Adding 1000/2000 W 240v Heater To 15 Amp 240v Circuit Running 1/2 HP Well Pump - Electrical - Page 2 - DIY Chatroom Home Improvement Forum

 DIY Chatroom Home Improvement Forum Adding 1000/2000 w 240v heater to 15 amp 240v circuit running 1/2 HP well pump
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01-01-2014, 10:54 PM   #16
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Here's what the code has to say; this is not a direct quote, just the parts that pertain to the OP.

430.24 A motor and other load. Conductors supplying a motor and other load shall have an ampacity of 125% of the motor plus the ampacity required for the other loads.

Here are the figures; the well pump motor draws 5 amps. 5 X 1.25 = 6.25

Since this motor is on a basic circuit breaker, the maximum size, according to 430.52, is 250% of the motor current. 5 X 2.5 = 12.5 Therefore, a 15 is the maximum.

Now, since the heater is considered a continuous load, it must be figured at 125%, just like the motor.

2000W ÷ 240 = 8.3

6.25 (pump motor)+ 8.3 (heater) = 14.55 Therefore, it would be code-compliant to connect both the 2000 watt heater and the 1/2HP motor to a 15 amp 240 volt circuit. Changing the breaker to a 20 would violate 430.52

According to my Franklin Motor spec book, the 1/2HP 230 volt 3 wire model draws 23 amps at startup. The 2 wire model draws 32 amps. I seriously doubt this would trip a 15 amp breaker even with 8.3 amps already on it.

Even though I'm a serious advocate of well pump motors being on their own circuit, if a new circuit is difficult to run, I would very likely connect the heater to the well pump circuit.

Be careful though, as noted, the pump controller is located downstream of the pressure switch. Depending on how the wire is run, there's a good chance that there is no power available at the controller when the pump is not running.

Rob

01-02-2014, 04:22 AM   #17

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Quote:
 Originally Posted by micromind Here's what the code has to say; this is not a direct quote, just the parts that pertain to the OP. 430.24 A motor and other load. Conductors supplying a motor and other load shall have an ampacity of 125% of the motor plus the ampacity required for the other loads. Here are the figures; the well pump motor draws 5 amps. 5 X 1.25 = 6.25 Since this motor is on a basic circuit breaker, the maximum size, according to 430.52, is 250% of the motor current. 5 X 2.5 = 12.5 Therefore, a 15 is the maximum. Now, since the heater is considered a continuous load, it must be figured at 125%, just like the motor. 2000W ÷ 240 = 8.3 6.25 (pump motor)+ 8.3 (heater) = 14.55 Therefore, it would be code-compliant to connect both the 2000 watt heater and the 1/2HP motor to a 15 amp 240 volt circuit. Changing the breaker to a 20 would violate 430.52 According to my Franklin Motor spec book, the 1/2HP 230 volt 3 wire model draws 23 amps at startup. The 2 wire model draws 32 amps. I seriously doubt this would trip a 15 amp breaker even with 8.3 amps already on it. Even though I'm a serious advocate of well pump motors being on their own circuit, if a new circuit is difficult to run, I would very likely connect the heater to the well pump circuit. Be careful though, as noted, the pump controller is located downstream of the pressure switch. Depending on how the wire is run, there's a good chance that there is no power available at the controller when the pump is not running. Rob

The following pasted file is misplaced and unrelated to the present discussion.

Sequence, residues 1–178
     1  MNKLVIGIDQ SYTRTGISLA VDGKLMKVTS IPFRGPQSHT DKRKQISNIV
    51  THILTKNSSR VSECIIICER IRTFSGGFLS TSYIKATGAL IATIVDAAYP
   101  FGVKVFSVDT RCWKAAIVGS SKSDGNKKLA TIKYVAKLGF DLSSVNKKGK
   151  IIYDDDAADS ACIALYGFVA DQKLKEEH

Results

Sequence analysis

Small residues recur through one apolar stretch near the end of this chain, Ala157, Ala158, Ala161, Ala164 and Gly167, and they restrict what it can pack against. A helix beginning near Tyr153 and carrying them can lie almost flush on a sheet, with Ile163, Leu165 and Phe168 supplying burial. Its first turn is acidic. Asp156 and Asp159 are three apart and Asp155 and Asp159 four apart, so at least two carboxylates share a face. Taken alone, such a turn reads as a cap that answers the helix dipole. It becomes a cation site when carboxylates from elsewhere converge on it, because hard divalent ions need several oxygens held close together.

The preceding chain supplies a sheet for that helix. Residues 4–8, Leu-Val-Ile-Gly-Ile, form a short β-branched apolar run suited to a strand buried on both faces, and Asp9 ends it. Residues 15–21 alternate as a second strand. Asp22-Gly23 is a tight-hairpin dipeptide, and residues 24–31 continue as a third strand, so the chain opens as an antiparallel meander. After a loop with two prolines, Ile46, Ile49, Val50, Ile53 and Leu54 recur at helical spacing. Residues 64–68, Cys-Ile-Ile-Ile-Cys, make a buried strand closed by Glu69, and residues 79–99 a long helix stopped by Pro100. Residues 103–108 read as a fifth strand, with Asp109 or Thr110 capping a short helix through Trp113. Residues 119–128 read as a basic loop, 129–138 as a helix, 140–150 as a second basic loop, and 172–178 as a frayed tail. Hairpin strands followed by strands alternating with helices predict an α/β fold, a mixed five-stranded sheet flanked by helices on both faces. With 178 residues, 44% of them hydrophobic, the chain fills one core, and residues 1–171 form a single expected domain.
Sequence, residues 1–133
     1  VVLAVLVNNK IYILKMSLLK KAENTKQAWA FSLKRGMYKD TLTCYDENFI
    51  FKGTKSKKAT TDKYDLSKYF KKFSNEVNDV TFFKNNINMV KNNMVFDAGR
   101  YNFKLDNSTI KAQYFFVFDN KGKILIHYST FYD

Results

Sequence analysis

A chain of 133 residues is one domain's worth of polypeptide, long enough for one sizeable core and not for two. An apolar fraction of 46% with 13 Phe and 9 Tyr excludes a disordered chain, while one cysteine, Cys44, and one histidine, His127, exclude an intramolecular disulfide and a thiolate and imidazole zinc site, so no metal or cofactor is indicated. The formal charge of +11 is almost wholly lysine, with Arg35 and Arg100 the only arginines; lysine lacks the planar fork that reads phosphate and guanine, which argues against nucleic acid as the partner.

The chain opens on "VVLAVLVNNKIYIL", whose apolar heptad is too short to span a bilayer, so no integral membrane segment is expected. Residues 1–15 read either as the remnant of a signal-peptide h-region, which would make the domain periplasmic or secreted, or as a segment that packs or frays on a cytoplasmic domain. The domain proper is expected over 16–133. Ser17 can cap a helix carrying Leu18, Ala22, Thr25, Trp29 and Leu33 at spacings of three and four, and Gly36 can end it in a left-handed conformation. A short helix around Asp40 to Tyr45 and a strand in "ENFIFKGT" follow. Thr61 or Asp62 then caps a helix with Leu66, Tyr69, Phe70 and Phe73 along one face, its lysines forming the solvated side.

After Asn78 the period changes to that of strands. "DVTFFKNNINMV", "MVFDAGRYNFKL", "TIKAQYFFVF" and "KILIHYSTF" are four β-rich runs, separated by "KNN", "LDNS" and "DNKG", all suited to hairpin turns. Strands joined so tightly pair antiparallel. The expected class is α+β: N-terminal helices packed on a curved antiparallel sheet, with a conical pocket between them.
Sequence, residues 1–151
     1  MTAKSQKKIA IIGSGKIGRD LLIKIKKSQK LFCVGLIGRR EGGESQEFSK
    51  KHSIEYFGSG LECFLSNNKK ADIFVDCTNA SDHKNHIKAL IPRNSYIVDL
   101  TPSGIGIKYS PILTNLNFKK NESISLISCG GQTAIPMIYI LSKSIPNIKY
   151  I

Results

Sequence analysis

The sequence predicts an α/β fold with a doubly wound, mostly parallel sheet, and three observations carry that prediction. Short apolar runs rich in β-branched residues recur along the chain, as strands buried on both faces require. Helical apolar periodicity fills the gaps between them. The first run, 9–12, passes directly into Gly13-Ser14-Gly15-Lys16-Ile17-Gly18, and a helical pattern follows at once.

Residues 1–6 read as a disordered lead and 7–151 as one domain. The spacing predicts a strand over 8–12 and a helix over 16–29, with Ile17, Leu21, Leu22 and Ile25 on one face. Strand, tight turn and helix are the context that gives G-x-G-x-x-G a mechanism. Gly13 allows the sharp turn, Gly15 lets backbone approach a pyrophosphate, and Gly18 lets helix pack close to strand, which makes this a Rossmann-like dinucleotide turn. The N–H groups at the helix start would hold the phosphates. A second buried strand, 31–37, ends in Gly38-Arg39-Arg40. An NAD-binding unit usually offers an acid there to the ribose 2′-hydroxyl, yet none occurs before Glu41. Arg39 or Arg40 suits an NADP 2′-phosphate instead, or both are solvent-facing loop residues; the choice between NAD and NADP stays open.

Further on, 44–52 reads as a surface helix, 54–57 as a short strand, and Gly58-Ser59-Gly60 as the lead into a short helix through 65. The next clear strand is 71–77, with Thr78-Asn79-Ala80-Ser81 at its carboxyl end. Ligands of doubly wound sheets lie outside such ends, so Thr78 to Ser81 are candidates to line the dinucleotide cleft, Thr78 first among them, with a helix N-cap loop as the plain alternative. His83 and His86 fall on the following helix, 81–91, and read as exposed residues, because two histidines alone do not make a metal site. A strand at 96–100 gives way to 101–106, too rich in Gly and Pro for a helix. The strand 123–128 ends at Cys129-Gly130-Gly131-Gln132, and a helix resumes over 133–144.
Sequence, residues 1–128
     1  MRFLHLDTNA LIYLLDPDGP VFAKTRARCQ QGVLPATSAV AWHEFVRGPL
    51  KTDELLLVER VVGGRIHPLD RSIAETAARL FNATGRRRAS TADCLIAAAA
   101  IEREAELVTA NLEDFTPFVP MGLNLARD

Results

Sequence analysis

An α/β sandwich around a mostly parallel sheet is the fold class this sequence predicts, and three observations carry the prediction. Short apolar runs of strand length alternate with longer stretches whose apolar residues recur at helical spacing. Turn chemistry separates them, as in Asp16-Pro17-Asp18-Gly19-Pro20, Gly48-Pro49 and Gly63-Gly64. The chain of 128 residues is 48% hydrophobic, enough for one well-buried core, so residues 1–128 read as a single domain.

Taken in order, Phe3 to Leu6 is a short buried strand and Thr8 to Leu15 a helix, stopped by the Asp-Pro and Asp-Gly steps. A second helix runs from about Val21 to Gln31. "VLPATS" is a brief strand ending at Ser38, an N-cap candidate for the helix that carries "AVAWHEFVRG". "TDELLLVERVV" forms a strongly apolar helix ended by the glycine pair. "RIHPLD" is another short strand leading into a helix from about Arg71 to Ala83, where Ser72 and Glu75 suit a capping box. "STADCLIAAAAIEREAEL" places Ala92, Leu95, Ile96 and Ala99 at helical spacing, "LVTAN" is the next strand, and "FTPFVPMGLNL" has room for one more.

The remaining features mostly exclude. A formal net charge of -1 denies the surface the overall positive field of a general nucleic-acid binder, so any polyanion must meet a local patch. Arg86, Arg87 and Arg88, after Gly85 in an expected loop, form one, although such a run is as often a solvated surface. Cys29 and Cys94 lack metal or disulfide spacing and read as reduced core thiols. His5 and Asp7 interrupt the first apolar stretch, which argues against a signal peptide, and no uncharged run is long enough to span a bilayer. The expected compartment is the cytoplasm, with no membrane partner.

Thats 125% of the motors RLA/FLA. So 5 amps may not be the motors rated amp draw.

You also forgot to multiply 8.3 times 1.25

So, 5 X 1.25 = 6.25, 8.3 X 1.25 = 10.375, 6.25+10.375=16.625 amps.
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01-02-2014, 08:40 AM   #18
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Quote:
 Originally Posted by beenthere Thats 125% of the motors RLA/FLA. So 5 amps may not be the motors rated amp draw. You also forgot to multiply 8.3 times 1.25 So, 5 X 1.25 = 6.25, 8.3 X 1.25 = 10.375, 6.25+10.375=16.625 amps.
You're right about the heater amps. My mistake.

According to the OP, the pump draws 5 amps which is above the 4.9 listed in 430 as the current for a 1/2HP motor. So 5 is the correct number to use.

01-02-2014, 10:12 AM   #19
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Quote:
 Originally Posted by micromind Since this motor is on a basic circuit breaker, the maximum size, according to 430.52, is 250% of the motor current. 5 X 2.5 = 12.5 Therefore, a 15 is the maximum.
Can you explain what concept is in play that would require a maximum circuit breaker size? Obviously a minimum size is easy to understand.

01-02-2014, 01:59 PM   #20
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Quote:
 Originally Posted by micromind Here's what the code has to say; this is not a direct quote, just the parts that pertain to the OP. 430.24 A motor and other load. Conductors supplying a motor and other load shall have an ampacity of 125% of the motor plus the ampacity required for the other loads. Here are the figures; the well pump motor draws 5 amps. 5 X 1.25 = 6.25 Since this motor is on a basic circuit breaker, the maximum size, according to 430.52, is 250% of the motor current. 5 X 2.5 = 12.5 Therefore, a 15 is the maximum. Now, since the heater is considered a continuous load, it must be figured at 125%, just like the motor. 2000W ÷ 240 = 8.3 6.25 (pump motor)+ 8.3 (heater) = 14.55 Therefore, it would be code-compliant to connect both the 2000 watt heater and the 1/2HP motor to a 15 amp 240 volt circuit. Changing the breaker to a 20 would violate 430.52 According to my Franklin Motor spec book, the 1/2HP 230 volt 3 wire model draws 23 amps at startup. The 2 wire model draws 32 amps. I seriously doubt this would trip a 15 amp breaker even with 8.3 amps already on it. Even though I'm a serious advocate of well pump motors being on their own circuit, if a new circuit is difficult to run, I would very likely connect the heater to the well pump circuit. Be careful though, as noted, the pump controller is located downstream of the pressure switch. Depending on how the wire is run, there's a good chance that there is no power available at the controller when the pump is not running. Rob
Yes I would prefer to have the well pump se

01-02-2014, 02:06 PM   #21
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Quote: